Exercising and working out have been proven to stave off a number of illnesses and keeps the body in good shape in general. On Oct. 20, 2013, Medical Daily reported exercise can also prolong the sense of smell as human beings age.
Many things weaken with age, including the sense of smell with about 62 percent of people over the age of 80 reporting “olfactory impairment,” according to the report.
Nevertheless, LiveScience indicates a new study has determined that working out to the point of sweating at least once a week decreases olfactory impairment, according to Medical Daily.
The sense of smell begins to weaken when the part of the brain responsible for odor perception deteriorates with age.
Although researchers are not completely sure why exercise makes such a difference regarding the sense of smell, they noted it could simply be related to the “overall benefits of exercise,” reports Medical Daily.
And, as the report concludes, “exercise is just plain good for you,” therefore, this study is just another reason to keep fit and continue to work out on a regular basis.
Is your age a refection of your lifestyle?
Researchers at the Robert and Arlene Kogod Center on Aging at the Mayo Clinic, recently completed a study, published in the latest edition of Diabetes, showing how poor diet and the lack of exercise accelerate aging. In other words, your lifestyle might be consequential in how you age.
Exercise is especially important because it prevents cells from aging prematurely while protecting against the damaging effects of a poor diet. At the same time, exercise promotes the optimal function of vital internal organs, muscles, and joints.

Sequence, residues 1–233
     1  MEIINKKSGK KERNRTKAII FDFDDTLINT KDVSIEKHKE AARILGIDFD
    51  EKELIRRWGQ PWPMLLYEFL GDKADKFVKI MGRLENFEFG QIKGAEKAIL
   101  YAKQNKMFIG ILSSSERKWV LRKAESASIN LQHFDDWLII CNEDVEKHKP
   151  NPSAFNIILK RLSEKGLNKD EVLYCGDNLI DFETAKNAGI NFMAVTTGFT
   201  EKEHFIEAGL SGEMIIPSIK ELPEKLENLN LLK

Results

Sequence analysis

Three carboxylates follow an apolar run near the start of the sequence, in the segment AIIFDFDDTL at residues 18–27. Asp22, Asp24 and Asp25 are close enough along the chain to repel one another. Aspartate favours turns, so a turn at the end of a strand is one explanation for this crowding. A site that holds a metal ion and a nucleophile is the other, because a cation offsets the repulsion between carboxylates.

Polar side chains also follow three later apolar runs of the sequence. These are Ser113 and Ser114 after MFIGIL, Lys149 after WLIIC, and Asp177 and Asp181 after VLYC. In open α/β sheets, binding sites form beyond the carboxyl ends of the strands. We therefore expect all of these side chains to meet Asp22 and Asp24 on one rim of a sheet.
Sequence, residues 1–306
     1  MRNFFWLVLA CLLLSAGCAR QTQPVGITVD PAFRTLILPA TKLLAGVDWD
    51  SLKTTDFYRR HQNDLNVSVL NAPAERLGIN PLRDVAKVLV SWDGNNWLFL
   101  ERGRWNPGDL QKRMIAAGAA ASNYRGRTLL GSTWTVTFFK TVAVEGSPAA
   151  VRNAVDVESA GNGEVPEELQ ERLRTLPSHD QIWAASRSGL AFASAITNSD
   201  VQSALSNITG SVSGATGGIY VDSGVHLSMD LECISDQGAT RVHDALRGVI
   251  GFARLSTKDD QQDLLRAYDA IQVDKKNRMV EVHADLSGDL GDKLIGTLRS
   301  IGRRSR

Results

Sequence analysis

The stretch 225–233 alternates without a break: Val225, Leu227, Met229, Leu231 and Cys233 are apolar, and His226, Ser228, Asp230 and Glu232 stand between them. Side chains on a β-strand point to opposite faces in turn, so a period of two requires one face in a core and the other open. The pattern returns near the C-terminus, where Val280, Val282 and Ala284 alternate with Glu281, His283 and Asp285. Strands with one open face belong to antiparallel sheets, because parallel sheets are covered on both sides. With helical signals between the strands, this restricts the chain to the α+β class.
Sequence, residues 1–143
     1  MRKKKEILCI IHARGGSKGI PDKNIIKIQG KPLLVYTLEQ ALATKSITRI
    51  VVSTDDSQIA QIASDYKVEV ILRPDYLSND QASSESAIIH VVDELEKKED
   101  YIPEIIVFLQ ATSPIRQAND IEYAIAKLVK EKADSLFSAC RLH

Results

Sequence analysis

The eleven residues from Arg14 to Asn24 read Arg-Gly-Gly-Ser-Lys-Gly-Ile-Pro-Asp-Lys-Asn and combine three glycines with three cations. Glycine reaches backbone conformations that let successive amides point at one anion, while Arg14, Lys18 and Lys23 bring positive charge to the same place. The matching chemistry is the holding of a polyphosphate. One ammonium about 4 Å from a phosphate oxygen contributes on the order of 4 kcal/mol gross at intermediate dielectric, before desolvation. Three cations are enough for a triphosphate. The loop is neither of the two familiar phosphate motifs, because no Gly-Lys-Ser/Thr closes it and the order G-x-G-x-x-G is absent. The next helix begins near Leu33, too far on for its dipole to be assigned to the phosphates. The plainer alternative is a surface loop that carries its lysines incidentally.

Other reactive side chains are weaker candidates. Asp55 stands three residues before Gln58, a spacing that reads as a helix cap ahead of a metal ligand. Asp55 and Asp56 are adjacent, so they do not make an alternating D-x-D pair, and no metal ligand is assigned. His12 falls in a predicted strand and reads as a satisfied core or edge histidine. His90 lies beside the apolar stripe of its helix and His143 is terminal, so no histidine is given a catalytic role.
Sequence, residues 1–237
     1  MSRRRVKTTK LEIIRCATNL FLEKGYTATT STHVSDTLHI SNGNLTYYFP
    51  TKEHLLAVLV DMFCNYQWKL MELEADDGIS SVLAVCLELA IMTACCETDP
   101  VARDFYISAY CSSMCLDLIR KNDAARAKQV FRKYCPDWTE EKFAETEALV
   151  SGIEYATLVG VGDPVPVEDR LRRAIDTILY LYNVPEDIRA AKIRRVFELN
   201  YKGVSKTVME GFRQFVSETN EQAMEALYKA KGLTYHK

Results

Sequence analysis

“We think at both a biological level and a clinical level, poor nutrition choices and inactive lifestyles do accelerate aging,” according to Nathan LeBrasseur, Ph.D., director of the Center on Aging’s Healthy and Independent Living Program and senior author of the study. “So now we’ve shown this in very fine detail at a cellular level, and we can see it clinically. And people need to remember that even though you don’t have the diagnosis of diabetes or the diagnosis of cardiovascular disease or the diagnosis of Alzheimer’s disease today when you’re in midlife, the biology underlying those processes is hard at work.”
In other words, the negative effects of not taking care of yourself will eventually materialize in one form or another – probably sooner than later – if not in appearance, certainly in diseases commonly associated with aging.
“Some of us believe that aging is just something that happens to all of us and it’s just a predestined fate, and by the time I turn 65 or 70 or 80, I will have Alzheimer’s disease and cardiovascular disease and osteoporosis,” says LeBrasseur. “And this clearly shows the importance of modifiable factors so healthy diet, and even more so, just the importance of regular physical activity. So that doesn’t mean that we need to be marathon runners, but we need to find ways to increase our habitual activity levels to stay healthy and prevent processes that drive aging and aging-related diseases.”
The bottom line is, use it or lose it. We can’t stop getting older, but we can slow down the process of aging and enhance our quality of life by eating a healthy diet and engaging in an active lifestyle.